The Pentagon will let transgender individuals serve openly in the U.S. military, ending one of the last bans on service in the armed forces.
Defense Secretary Ash Carter announced the change Thursday, calling it "the right thing to do" and "another step in ensuring we continue to recruit and retain the most qualified people."
Speaking at a Pentagon press conference, Carter said, "Our mission is to defend this country, and we don't want barriers unrelated to a person's qualification to serve preventing us from recruiting or retaining the soldier, sailor, airman, or Marine who can best accomplish the mission."
He said only a person's qualifications should matter and there should be no unrelated barriers to service.
"The reality is that we have transgender service members serving today,” Carter said, explaining that 2,500 people out of 1.3 million active duty service members are transgender.
"Americans who want to serve and can meet our standards should be afforded the opportunity to compete to do so," he added.
The new policy also allows military members to transition gender while serving and receive related medical care at military facilities.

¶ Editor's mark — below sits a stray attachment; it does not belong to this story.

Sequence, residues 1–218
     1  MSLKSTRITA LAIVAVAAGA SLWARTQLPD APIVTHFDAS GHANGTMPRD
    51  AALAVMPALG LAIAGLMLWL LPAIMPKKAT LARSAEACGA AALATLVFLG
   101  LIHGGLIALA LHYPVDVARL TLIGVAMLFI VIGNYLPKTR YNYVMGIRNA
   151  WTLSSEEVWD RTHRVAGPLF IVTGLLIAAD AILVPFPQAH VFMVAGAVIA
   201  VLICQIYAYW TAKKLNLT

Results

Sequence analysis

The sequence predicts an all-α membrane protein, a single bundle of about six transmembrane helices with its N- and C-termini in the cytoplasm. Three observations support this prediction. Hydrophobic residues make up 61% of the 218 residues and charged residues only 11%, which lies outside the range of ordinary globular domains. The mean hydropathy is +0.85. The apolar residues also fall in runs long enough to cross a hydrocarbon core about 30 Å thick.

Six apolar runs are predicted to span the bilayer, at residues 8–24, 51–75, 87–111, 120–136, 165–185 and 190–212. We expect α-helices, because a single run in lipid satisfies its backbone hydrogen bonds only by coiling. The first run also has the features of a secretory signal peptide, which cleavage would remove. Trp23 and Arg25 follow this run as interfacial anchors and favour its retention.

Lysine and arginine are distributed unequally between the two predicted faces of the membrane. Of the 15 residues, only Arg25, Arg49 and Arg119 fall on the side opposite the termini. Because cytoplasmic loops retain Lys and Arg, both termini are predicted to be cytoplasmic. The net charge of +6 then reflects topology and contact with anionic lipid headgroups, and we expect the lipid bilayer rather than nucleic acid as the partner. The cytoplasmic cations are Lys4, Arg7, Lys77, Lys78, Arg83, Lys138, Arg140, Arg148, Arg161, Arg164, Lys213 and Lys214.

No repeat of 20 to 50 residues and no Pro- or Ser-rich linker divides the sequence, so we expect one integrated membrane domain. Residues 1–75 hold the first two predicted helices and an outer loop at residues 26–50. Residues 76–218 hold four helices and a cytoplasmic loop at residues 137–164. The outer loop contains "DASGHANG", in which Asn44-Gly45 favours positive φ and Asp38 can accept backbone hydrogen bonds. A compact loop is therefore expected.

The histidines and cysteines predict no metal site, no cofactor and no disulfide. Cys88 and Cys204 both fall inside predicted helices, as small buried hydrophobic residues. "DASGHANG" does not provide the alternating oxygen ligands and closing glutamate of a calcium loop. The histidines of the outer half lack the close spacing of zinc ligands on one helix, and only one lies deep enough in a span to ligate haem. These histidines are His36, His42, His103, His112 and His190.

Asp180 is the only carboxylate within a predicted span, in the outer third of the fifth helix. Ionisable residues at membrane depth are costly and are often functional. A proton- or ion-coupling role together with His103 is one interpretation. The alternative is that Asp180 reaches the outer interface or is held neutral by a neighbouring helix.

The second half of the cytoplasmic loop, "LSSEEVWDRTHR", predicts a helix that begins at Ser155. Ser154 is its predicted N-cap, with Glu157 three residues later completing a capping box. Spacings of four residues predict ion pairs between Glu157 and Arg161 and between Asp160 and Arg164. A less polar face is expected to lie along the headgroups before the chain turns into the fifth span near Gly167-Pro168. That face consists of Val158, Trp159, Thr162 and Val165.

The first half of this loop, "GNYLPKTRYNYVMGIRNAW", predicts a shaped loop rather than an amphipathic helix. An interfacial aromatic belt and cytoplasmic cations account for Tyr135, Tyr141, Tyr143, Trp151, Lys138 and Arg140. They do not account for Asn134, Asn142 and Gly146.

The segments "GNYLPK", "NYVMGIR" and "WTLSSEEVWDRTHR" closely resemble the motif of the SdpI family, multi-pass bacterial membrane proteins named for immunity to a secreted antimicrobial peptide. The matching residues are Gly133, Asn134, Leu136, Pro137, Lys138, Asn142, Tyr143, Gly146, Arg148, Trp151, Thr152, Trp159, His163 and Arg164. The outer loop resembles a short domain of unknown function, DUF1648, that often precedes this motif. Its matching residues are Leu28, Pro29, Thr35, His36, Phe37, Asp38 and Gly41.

The policy will be adopted over the course of a year, but starting immediately, transgender service members "may no longer be involuntarily separated, discharged or denied reenlistment solely on the basis of gender identity," the Pentagon said. By Oct. 1, they can begin formally changing their gender identifications in the Pentagon's personnel system.
And a year from now, he said, the military services will begin allowing transgender individuals to enlist, as long as they meet the required standards and have been stable in their identified gender for 18 months.
Carter's announcement comes despite concerns from senior military leaders that the department is moving too fast and that more time is needed to work through the changes. He said he discussed the plans extensively with his military leaders, and based on their recommendations, he made adjustments to the timeline. He said he has been told that the services now support the timeline.
Last July, Carter said he intended to rescind the ban, calling it outdated. He has long argued that the military must be more inclusive to bring in the best and brightest.
At the time, he ordered a six-month study to include extensive medical and scientific research and discussions with other nations and companies with experience in the process. He extended the study because the military wanted more time. Officials said he wanted to insure there was no impact on military readiness, but over time, he became frustrated with the slow progress.